My investments in the natural gas sector have performed very well in the past year and my exposure to oil and gas is the only reason why my personal portfolio is still in the green on a YTD basis. I continue to look around for good companies in the space and as it has been about six years since I last discussed Pine Cliff Energy (OTCPK:PIFYF) here in Seeking Alpha, this could be an excellent moment to revisit the company.
The company’s Canadian listing offers superior liquidity. Trading with PNE as its ticker symbol, the average daily volume on the Toronto Stock Exchange is approximately one million shares per day. The current share count is approximately 343M shares resulting in a market capitalization of C$500M. As the company reports its financial results in Canadian Dollar, I will use the CAD as base currency throughout this article.
Strong operating cash flows are strengthening the balance sheet
In the first quarter of this year, Pine Cliff reported an average production rate of just more than 20,000 barrels of oil-equivalent per day. Approximately 88% of the oil-equivalent production consisted of natural gas which was sold at almost C$5/Mcf.
The good production results and the strong natural gas price obviously boosted the company’s results and the revenue almost doubled to C$60M, which includes the almost C$8M spent on royalty payments.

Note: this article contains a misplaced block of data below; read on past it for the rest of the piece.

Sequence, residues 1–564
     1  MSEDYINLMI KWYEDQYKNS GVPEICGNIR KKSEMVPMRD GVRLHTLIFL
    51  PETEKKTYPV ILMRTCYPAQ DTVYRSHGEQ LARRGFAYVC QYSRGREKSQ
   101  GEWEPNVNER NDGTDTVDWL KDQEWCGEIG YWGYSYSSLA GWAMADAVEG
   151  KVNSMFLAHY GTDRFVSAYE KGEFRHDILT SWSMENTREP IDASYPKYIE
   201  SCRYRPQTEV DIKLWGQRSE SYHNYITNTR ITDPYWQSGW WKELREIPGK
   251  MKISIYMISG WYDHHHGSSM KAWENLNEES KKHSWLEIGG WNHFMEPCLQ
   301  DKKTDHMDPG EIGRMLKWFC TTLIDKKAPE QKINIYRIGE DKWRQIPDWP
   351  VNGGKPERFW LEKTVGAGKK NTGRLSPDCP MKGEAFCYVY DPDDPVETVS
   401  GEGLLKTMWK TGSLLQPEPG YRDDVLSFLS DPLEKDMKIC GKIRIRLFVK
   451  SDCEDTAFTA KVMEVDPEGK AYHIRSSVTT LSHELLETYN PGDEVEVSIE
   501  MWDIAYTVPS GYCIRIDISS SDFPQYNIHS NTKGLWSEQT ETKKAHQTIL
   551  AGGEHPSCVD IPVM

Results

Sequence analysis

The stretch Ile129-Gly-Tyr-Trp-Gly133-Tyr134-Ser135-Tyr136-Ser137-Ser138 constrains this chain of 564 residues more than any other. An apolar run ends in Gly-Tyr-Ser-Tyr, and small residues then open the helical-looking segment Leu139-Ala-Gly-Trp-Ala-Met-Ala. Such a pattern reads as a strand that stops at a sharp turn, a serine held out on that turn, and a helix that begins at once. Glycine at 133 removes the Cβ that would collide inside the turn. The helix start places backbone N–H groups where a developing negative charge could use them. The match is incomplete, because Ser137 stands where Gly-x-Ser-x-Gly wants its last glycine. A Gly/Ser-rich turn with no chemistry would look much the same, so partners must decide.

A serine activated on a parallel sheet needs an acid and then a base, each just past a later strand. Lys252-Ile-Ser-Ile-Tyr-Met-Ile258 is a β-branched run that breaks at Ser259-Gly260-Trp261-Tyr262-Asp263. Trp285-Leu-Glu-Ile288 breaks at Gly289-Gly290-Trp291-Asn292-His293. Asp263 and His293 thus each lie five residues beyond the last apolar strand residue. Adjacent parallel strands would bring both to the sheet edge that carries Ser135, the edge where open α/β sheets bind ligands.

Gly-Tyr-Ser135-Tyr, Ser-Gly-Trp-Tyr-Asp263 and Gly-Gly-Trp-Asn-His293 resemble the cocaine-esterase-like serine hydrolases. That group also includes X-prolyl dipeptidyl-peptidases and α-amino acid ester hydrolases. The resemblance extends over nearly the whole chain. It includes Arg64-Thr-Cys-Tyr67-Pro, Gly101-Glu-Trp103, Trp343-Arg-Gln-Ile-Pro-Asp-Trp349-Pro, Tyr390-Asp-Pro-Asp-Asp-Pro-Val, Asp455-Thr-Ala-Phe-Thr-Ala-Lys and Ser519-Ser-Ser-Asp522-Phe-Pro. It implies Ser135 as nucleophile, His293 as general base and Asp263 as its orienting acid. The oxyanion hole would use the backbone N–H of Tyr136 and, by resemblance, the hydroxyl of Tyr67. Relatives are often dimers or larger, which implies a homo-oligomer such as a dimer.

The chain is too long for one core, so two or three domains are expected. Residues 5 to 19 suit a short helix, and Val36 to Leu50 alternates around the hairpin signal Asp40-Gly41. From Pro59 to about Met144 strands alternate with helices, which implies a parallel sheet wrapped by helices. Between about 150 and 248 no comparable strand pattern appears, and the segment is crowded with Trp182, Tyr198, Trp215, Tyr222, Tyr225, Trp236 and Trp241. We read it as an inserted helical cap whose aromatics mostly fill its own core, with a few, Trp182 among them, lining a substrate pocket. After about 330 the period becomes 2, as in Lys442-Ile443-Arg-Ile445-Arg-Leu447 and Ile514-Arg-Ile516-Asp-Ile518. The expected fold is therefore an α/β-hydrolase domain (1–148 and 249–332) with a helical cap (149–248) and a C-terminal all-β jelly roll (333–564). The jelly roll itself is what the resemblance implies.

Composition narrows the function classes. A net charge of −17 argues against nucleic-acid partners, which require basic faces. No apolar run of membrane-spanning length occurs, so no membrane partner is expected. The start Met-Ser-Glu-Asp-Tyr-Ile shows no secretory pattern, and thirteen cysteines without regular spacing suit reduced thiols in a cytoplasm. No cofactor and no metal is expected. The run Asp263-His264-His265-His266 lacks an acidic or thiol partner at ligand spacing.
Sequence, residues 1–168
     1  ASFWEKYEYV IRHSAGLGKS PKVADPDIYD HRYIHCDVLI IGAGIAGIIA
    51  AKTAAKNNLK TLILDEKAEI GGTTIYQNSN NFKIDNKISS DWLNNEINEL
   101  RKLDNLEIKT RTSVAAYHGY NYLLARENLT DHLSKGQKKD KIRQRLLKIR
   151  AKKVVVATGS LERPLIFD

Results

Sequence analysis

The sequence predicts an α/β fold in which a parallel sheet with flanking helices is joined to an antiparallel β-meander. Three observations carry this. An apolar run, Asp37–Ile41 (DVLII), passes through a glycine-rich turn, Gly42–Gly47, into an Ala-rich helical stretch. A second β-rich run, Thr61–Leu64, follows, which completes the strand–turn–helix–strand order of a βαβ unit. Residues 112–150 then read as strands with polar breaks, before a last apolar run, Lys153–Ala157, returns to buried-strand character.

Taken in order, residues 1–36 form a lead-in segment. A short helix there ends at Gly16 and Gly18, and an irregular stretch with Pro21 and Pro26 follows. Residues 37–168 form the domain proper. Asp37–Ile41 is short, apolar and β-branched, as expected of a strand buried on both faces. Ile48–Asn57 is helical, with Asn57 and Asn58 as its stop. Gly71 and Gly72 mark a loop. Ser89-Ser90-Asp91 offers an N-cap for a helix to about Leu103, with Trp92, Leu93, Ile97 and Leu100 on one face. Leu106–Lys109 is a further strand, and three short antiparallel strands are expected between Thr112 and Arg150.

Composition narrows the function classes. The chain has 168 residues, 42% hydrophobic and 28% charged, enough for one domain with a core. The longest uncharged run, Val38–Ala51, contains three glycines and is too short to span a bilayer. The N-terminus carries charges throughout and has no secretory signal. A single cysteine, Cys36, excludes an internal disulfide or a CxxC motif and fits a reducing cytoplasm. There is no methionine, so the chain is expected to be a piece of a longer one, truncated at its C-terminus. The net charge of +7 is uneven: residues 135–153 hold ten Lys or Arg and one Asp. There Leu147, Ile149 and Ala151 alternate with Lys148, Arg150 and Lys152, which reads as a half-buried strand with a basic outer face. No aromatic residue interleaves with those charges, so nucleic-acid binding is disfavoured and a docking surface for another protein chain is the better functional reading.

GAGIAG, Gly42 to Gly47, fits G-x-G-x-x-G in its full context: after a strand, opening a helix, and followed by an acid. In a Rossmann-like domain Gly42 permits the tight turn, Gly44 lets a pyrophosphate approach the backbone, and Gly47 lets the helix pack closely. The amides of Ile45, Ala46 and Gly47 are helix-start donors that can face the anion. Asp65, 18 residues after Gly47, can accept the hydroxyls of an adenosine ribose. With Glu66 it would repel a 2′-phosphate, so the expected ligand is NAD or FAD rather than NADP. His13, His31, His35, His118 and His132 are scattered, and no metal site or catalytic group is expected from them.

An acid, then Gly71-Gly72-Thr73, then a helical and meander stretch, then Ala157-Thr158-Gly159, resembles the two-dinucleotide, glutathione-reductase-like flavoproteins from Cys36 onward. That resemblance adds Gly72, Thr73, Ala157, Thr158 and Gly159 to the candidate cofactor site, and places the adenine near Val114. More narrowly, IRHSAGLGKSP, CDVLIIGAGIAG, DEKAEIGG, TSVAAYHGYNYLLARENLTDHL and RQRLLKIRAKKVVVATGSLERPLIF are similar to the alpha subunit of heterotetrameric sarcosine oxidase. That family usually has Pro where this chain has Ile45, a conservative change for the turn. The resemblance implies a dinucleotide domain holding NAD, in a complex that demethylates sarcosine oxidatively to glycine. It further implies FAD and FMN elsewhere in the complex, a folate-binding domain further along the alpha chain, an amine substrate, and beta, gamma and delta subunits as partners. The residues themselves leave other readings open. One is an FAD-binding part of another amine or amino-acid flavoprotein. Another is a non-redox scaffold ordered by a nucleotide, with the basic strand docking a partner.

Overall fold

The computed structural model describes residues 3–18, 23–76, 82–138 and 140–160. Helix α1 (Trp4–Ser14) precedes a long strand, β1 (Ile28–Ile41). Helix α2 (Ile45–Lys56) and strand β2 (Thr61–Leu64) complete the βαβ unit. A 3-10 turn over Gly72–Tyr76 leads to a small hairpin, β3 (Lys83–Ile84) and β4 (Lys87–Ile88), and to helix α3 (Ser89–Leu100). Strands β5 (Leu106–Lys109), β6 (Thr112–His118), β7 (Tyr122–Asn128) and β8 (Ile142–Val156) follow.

Pine Cliff remains a low-cost producer, and although the total expenses increased to almost C$40M, in excess of a quarter of these expenses were related to the depreciation and depletion expenses. And as you can see above, the operating costs and transportation expenses accounted for about 40% of the revenue leading to strong margins.
As Pine Cliff is a relatively small company, its overhead expenses are very manageable (the G&A expenses are just C$2M per quarter) and the rapidly decreasing gross debt and net debt level means the finance expenses will continue to tend down from the C$2.7M reported in Q1 2022. Of that amount, only C$1.3M were interest expenses with the balance being decommissioning provisions which are added to the finance expenses.
The bottom line shows a net income of C$15.4M for an EPS of C$0.045/share.
Not bad, but as Pine Cliff has a very low decline rate, I’m also interested in seeing how much free cash flow the company is generating.
We see the reported operating cash flow was C$23.9M but this includes a C$6.6M investment in the working capital position but excludes about a quarter of a million in lease payments. So on an adjusted basis, the operating cash flow was approximately C$30.5M. With a total capex of C$5.6M (excluding acquisitions), the free cash flow generated in the first quarter was approximately C$25M.
That’s C$0.072/share and substantially higher than the reported EPS. The explanation is pretty simple: First of all, the capex is much lower than the depreciation expenses as Pine Cliff’s assets have a very low single-digit decline rate, which means less money is required to keep the production at a steady state level. Additionally, the company has a lot of historical losses on its balance sheet which means that there are no cash taxes due, and those taxes were added back to the cash flow statement. The adjusted funds flow as reported by Pine Cliff were C$32.3M as the company also adds back the decommissioning expenses to the equation.